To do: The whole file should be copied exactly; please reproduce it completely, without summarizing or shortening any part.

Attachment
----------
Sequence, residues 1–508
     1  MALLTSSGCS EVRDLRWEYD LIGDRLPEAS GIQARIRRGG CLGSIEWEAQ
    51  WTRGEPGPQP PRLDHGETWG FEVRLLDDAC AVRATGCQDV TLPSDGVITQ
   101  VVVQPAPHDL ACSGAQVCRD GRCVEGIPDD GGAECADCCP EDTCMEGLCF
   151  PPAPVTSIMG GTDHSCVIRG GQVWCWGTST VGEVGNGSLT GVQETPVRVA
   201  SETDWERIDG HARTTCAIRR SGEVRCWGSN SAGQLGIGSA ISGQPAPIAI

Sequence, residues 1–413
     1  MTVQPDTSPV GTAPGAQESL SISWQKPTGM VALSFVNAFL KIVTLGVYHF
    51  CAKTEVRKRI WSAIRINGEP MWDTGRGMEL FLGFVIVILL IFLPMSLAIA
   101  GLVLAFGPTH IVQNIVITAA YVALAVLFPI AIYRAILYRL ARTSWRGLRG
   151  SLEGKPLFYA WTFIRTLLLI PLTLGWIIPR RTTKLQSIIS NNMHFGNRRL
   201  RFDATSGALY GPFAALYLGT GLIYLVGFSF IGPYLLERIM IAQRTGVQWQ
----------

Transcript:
Sequence, residues 1–508
     1  MALLTSSGCS EVRDLRWEYD LIGDRLPEAS GIQARIRRGG CLGSIEWEAQ
    51  WTRGEPGPQP PRLDHGETWG FEVRLLDDAC AVRATGCQDV TLPSDGVITQ
   101  VVVQPAPHDL ACSGAQVCRD GRCVEGIPDD GGAECADCCP EDTCMEGLCF
   151  PPAPVTSIMG GTDHSCVIRG GQVWCWGTST VGEVGNGSLT GVQETPVRVA
   201  SETDWERIDG HARTTCAIRR SGEVRCWGSN SAGQLGIGSA ISGQPAPIAI

Sequence, residues 1–413
     1  MTVQPDTSPV GTAPGAQESL SISWQKPTGM VALSFVNAFL KIVTLGVYHF
    51  CAKTEVRKRI WSAIRINGEP MWDTGRGMEL FLGFVIVILL IFLPMSLAIA
   101  GLVLAFGPTH IVQNIVITAA YVALAVLFPI AIYRAILYRL ARTSWRGLRG
   151  SLEGKPLFYA WTFIRTLLLI PLTLGWIIPR RTTKLQSIIS NNMHFGNRRL
   201  RFDATSGALY GPFAALYLGT GLIYLVGFSF IGPYLLERIM IAQRTGVQWQ